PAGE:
Belfast Telegraph Gives Mixed Review of Into the Storm

here

Gary Morris – The grumpiest man ever

They’re not the most unlikeable bunch, even if Richard Armitage’s Gary Morris – the vice-principal of the local school – is the grumpiest man ever. It’s a good job the hinted-at romance between him and Sarah Wayne Callies’s Dr Alison Stone never comes to fruition, as it would have been a suspension of disbelief too far.

15 thoughts on “Belfast Telegraph Gives Mixed Review of Into the Storm

  1. It makes me sad Richard is having so bad reviews. I don’t care about ITS at all, but it’s sad his performance is so badly judged. I hope this film won’t do too much harm to his career 😦

    Like

    • His performance really is not getting badly judged. Little is said about it. His character is grumpy ( according to this review) – but not RA’s fault.

      Like

    • The review doesn’t say RA’s performance is bad, just that his character is grumpy. I thought that was a pretty decent review really, and sets in it’s right category- just an unpretentious disaster movie.
      I’m amused that the male reviewer thought there was no way Gary could’ve believably attracted a woman like Alison- audiences may beg to differ!

      Like

      • LOL yes, perhaps they should ask female audience. I thought that the definition and the sentence were a bad judgment of RA acting… so I’m glad if it’snt. 🙂

        Like

      • I agree about his performance.I didn’t take it that way though- that the reviewer thought Ra couldn’t land Allison. I thought he meant that under the circumstances, in a a disaster, it wouldn’t be likely to believe romance. But then, I haven’t seen the film. I thought it was an interesting review. It found good things in the film.

        Like

        • It was mentioned just after the grumpy comment, so I took it as a male perspective on what women see as a turn-off in men. But yes, a romance shoehorned in there would’ve been the ultimate cliché.

          Like

  2. Grumpy men can be sexy too! Look at Hugh Laurie as Dr. House 🙂 And yes, I had to chuckle at the idea of a reviewer saying it would strain belief that a woman could be attracted to Richard Armitage, however grumpy his character!

    Like

  3. The Belfast Telegraph review was really good, I think anyways. It was honest and humourous and and was not a bad review at all. It reviewed the movie for what the movie really is. I don’t think Mr. A. is expecting any great reviews for his acting in this piece. The movie is a ‘disaster movie’ in the vein of the 1970’s (or whenever)…The Poseidon Adventure, Towering Inferno, etc. It is just a cheesy fun summer movie. I really liked the Belfast Telegraph review. I think it is genius that this , let’s be honest, mediocre movie was released at the same time as his The Crucible performance….there is no doubt at all that Mr. Armitage can act. I’m sure people in the industry see the movie for what it is and it does nothing but increase Mr. A’s profile in America because the movie is actually doing quite well. If the movie had flopped, and did not make back the expenses, then that would have not boded well for the career.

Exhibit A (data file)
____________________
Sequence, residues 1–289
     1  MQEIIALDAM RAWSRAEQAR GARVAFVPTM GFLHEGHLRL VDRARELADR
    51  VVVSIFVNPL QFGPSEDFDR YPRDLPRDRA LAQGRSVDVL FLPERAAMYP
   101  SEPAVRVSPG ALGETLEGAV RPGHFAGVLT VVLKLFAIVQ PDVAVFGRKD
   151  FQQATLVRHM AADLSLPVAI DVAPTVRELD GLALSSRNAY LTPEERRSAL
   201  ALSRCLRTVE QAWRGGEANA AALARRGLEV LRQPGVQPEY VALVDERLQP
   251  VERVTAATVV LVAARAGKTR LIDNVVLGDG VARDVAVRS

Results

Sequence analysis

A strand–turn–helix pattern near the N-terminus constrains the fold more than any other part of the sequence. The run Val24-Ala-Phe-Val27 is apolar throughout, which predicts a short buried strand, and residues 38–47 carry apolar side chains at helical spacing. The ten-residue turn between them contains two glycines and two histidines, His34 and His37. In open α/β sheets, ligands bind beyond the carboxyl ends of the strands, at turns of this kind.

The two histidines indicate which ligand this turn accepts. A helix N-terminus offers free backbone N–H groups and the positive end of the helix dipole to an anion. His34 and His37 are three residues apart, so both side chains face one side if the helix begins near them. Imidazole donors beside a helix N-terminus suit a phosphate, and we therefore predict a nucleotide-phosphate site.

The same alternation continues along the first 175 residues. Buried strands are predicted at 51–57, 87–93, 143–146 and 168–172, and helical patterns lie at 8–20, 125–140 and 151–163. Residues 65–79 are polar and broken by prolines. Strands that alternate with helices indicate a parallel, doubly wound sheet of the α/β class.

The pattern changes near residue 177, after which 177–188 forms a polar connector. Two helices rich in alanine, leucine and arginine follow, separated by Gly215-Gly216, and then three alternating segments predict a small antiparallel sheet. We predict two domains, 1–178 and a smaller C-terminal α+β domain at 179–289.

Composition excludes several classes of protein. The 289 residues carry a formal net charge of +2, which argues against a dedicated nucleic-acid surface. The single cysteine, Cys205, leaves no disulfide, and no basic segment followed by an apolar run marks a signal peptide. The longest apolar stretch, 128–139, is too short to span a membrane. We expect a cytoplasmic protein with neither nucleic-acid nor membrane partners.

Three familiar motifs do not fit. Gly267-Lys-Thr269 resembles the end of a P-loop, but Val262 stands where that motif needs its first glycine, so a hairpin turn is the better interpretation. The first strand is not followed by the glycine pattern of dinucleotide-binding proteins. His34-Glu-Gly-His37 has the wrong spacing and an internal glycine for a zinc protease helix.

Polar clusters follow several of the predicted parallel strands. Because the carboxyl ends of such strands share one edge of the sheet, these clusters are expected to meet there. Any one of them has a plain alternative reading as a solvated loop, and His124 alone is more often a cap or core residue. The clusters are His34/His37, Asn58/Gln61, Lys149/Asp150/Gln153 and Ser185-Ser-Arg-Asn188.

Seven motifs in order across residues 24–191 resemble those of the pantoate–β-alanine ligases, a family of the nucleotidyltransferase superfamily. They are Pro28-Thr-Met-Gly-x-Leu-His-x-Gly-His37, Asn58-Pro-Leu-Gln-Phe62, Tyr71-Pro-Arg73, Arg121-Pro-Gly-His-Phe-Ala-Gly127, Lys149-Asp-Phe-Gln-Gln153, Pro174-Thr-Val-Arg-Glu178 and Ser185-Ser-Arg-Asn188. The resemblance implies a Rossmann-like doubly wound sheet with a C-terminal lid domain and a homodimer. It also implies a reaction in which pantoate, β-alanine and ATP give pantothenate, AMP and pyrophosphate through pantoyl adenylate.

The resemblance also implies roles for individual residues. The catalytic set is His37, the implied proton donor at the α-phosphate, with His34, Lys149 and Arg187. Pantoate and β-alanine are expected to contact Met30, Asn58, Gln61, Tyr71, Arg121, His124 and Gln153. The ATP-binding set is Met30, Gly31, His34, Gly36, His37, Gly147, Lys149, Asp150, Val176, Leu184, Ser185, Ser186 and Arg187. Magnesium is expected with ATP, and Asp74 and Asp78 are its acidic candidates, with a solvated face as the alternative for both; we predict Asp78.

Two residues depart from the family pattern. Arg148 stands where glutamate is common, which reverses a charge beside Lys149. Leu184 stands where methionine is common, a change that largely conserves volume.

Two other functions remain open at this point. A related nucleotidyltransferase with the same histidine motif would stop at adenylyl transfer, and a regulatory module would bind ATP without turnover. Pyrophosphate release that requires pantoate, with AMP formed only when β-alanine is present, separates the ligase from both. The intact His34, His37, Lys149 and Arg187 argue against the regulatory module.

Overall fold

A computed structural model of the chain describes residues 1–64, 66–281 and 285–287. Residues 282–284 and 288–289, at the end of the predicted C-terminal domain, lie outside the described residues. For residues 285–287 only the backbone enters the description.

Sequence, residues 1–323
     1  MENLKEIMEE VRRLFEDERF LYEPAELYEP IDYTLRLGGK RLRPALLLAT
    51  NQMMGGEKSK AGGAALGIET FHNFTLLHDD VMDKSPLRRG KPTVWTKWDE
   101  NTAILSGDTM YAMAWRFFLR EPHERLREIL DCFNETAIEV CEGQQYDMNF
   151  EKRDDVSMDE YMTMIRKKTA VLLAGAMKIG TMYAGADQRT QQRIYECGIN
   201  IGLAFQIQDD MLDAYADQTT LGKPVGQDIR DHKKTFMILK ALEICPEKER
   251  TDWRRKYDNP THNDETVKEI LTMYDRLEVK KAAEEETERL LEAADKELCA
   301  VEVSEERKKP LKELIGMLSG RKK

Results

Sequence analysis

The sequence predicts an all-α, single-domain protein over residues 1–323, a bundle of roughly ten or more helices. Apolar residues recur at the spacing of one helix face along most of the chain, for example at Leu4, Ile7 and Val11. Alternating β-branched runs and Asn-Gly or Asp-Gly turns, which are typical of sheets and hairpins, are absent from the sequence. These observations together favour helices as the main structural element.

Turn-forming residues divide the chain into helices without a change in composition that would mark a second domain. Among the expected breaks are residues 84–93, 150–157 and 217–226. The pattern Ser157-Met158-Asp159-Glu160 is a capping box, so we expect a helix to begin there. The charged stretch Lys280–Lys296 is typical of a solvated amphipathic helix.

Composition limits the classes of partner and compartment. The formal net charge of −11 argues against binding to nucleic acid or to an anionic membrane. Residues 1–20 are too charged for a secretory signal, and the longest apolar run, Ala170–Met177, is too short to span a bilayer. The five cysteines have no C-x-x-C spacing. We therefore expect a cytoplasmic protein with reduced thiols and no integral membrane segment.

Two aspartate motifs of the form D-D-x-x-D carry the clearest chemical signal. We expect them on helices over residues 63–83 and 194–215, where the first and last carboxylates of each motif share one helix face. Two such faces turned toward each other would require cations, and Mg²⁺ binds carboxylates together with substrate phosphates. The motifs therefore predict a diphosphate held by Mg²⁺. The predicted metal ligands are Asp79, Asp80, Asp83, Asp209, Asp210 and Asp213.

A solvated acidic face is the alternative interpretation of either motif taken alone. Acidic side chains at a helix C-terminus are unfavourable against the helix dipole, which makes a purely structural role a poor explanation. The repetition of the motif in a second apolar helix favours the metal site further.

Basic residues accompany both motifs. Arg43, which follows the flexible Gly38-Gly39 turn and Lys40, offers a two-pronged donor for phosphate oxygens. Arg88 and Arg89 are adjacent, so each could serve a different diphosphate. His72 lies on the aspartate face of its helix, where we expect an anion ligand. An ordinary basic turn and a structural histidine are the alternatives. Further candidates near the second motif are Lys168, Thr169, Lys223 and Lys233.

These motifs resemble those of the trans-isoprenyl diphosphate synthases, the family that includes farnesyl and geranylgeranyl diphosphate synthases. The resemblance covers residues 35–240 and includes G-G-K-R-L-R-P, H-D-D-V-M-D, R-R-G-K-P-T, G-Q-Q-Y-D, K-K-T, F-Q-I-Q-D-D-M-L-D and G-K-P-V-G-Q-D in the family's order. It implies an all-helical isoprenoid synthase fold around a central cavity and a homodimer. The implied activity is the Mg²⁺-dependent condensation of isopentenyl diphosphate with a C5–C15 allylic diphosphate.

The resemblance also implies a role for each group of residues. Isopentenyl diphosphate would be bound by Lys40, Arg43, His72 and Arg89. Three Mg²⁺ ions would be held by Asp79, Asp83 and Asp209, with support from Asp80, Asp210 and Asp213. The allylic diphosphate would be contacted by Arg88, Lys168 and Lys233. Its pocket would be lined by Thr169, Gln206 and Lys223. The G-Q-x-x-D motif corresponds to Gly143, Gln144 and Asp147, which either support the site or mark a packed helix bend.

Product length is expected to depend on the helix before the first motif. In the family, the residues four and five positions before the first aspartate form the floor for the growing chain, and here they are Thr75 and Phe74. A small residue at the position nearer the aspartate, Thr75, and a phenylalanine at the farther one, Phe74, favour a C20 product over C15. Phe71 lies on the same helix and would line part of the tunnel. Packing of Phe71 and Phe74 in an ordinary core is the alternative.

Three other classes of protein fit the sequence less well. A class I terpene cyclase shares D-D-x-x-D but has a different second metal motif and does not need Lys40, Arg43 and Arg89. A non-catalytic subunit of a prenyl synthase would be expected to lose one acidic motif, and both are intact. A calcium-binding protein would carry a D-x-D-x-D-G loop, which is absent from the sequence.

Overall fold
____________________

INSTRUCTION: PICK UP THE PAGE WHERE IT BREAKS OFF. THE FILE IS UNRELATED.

Like

    • Genius would imply some sort of intention and since the release date of ITS was set way before The Crucible, I would call it luck. And yes, no denying, despite some awful reviews, the movie continues to bring in audiences in it’s third week.

      Like

  4. Richard’s Gary Morris does look like a grumpiest man ever. However the film is so terribly edited that I think a lot of the scenes where his character gets any chance to develop were cut in favor of special effects. The trouble is that this is not just a “disaster” movie. Its a really BAD disaster movie. But in terms of his career it did the trick. He now has a starring role in a US movie under his belt.

    Like

  5. I agree and I think your review is in line with my thinking. I thought the film was, believe it or not, too short and that a lot of it must of landed on the cutting room floor – the only way I can explain how the writer could use only one or two sentences of dialogue to set up a complete character. But, I’ll have more to say later.

    Like

Leave a Reply

Fill in your details below or click an icon to log in:

WordPress.com Logo

You are commenting using your WordPress.com account. Log Out /  Change )

Google photo

You are commenting using your Google account. Log Out /  Change )

Twitter picture

You are commenting using your Twitter account. Log Out /  Change )

Facebook photo

You are commenting using your Facebook account. Log Out /  Change )

Connecting to %s